Big Brother was diagnosed with Aspergers in 2009, when he was eight years old. Before that, it was years of evaluations and developmental preschools and speech therapists . . . years of teachers bringing their concerns to me and me taking those concerns to doctors . . . and years of misdiagnoses. It was years of meltdowns and vomiting and aggression and wandering feet, running feet and hearing him say things like “I’m a bad son. I’m going to let a car hit me,” as those feet took him out the front door.
And then that moment, that singular sentence, “Your son is on the spectrum,” changed everything . . . and changed nothing. It was just the bittersweet official recognition that he was, in fact, atypical.
We’ve had years between then and now where he has had the right intervention and great therapists and over three years of homeschooling . . . years in which he has blossomed, learned how to manage his emotions, how to calm his mind, how to control his vomiting . . . years in which he has developed into a young man I hardly recognize.
As we went shopping the other night, I asked him which store we should go to. Big Brother replied, “Target. I like the way Target feels.” I laughed. Inside I was so grateful that he is now at an age where he can express those things so clearly to me. He can tell me that Target feels good and Walmart makes him uncomfortable . . . though why it’s that way is still hard for him to pinpoint. That he can tell me that, in a calm manner, in casual conversation, is a miracle.
We went down his school list and he didn’t argue with me that the list specifically stated “Crayola colored pencils.” He watched me put the cheapest generic brand in the basket without complaint. In fact, he said, “Why would anyone buy the others? These are so much cheaper.” It made my heart smile. He has learned to see the gray in the world.
Clothes are still a bit tricky. He will most likely always have sensory issues and he was irritated with me for making him try them all on . . . and try them on again . . . and again. We started in the boys section. The size 18’s were too small. We reluctantly (ok, maybe I was the only one reluctant) moved up to the men’s section. The smallest size, 26 x 28, was also too small. I had to buy my 12-year-old men’s jeans in size 28 x 30!!!! My mama-heart broke just a touch, while his grin spread a little further and he settled his voice as low as he could and said, “I’m a man now.”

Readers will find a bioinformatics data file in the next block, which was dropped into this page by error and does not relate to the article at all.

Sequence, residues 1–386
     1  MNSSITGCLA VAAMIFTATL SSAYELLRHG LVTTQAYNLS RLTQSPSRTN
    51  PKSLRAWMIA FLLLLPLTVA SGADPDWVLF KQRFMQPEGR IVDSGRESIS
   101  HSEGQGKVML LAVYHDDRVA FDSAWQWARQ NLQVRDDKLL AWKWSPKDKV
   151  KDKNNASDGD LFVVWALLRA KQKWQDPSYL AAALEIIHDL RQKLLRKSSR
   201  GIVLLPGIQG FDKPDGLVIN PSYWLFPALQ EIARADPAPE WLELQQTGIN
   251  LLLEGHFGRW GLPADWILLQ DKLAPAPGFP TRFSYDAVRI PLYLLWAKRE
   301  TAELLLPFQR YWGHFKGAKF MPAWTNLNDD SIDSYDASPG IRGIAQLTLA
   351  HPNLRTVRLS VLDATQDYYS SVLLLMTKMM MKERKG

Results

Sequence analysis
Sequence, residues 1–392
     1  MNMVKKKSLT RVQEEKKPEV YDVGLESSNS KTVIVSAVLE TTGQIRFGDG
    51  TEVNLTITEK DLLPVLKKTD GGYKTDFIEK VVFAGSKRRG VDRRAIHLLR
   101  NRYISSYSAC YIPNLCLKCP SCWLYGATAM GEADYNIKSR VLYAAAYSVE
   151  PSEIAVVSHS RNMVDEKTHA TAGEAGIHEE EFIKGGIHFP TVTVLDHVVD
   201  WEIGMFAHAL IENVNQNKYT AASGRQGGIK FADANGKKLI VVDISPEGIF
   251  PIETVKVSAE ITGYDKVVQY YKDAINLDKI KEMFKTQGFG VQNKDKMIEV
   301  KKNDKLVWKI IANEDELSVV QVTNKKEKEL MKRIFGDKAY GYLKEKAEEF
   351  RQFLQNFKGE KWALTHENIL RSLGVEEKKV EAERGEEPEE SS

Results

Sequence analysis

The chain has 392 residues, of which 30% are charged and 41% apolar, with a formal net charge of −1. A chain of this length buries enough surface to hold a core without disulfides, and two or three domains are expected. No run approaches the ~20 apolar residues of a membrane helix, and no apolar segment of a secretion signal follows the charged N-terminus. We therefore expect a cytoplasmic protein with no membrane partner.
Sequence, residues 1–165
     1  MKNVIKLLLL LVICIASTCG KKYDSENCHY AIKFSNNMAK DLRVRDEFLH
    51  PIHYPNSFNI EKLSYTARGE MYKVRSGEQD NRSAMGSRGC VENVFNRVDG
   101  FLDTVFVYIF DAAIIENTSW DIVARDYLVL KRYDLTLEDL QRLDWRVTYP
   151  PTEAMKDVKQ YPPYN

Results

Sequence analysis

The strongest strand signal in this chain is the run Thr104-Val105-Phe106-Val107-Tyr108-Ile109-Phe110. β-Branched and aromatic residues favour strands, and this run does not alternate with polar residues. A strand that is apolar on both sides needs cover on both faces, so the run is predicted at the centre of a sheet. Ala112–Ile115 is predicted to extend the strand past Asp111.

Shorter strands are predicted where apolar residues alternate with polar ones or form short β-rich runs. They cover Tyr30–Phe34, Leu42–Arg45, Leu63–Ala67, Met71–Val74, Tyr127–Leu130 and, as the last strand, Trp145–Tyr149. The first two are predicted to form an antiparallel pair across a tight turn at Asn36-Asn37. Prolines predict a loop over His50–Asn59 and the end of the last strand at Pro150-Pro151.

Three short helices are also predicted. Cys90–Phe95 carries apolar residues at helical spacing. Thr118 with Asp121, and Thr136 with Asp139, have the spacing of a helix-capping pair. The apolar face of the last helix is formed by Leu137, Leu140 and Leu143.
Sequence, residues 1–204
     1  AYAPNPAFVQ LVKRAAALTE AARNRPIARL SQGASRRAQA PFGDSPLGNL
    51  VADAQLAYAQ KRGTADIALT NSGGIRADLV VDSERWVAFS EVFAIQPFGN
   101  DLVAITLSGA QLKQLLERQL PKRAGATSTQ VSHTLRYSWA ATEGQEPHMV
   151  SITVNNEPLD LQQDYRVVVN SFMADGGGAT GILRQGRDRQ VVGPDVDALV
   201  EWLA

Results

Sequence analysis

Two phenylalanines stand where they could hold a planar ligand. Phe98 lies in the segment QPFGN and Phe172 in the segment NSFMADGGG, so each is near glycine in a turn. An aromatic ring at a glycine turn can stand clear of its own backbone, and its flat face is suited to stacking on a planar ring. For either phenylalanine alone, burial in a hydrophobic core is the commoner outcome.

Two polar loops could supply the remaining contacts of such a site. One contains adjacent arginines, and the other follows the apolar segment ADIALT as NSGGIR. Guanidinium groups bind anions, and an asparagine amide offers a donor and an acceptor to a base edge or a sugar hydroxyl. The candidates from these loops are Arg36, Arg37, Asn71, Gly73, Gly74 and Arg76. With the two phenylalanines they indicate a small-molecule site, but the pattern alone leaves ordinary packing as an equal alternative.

He’s been “practicing” his man voice for the last few weeks. It started when he came home from his first ever scout campout. It was his first overnighter without family. I was incredibly nervous, mostly that he’d end up with a migraine from the heat or that he wouldn’t be able to sleep. But he came home all in one piece, his voice a little rough from his outdoor frolicking, and his younger brother asked, “Did your voice get deeper?” To which he replied, “Why, yes. It did. That’s because I’m a man now.” Ever since, he has been turning on his man voice whenever he’s feeling particularly manly. It’s awesome.
On the way home from our excursion, having purchased all the paper and socks and erasers and folders he would need, he asked if I could stop and buy him a second dinner because obviously he was growing and needed all the calories he could get to support his new-found manhood. How could I say no? While we waited in the drive-thru, he pleasantly chatted with me about all the stories he wants to write. Stories of aliens and pirates and civil wars. He calls the collection Silly Slip-ups.
The first is about invading aliens who, it turns out, are only here to invade our department stores in their search for white undershirts. In the second story, there is a band of sea-loving pirates who kidnap people who hate seafood. They then spend hours forcing seafood down their hatches in an attempt to create a seafood-loving army. The last story (well, the last he’s thought of so far) is about a decades long civil war in Japan that all started one night as two brothers fought over the proper way to eat sushi.
I sat in the drivers seat smiling and trying not to cry as I wracked my brain trying to remember when his imagination became so unscripted, when he became so great at communicating his thoughts. Once there was a boy who only quoted movies and played in pre-scripted worlds and who rarely, if ever, understood humor. Now, there sat beside me a young man with a brainful of his own hilarious inventions. When did that happen?
Don’t get me wrong. Big Brother is still very much an Aspie. But it seems that he is evolving ever so slowly into his own brand of awesomeness. Truth be told, he was always awesome. It was just hard to see past all the vomit and crying. He occasionally still tosses his cookies at the mention of things like spiders or flies. He still cringes at the sound of popsicle wrappers and styrofoam. He still can’t stand the smell of rice or handle the texture of shredded meat. He still pulls away from unwanted physical touch. He still exhibits intermittent social faux-pas that are hard to watch. He still misses facial cues and subtle hints that I’m not interested in listening for hours on end about bionicles or sharks or whatever he’s obsessing over at the moment. But in all his quirkiness, he is beautiful . . . and awesome.
Have hope, Mamas. They do grow up.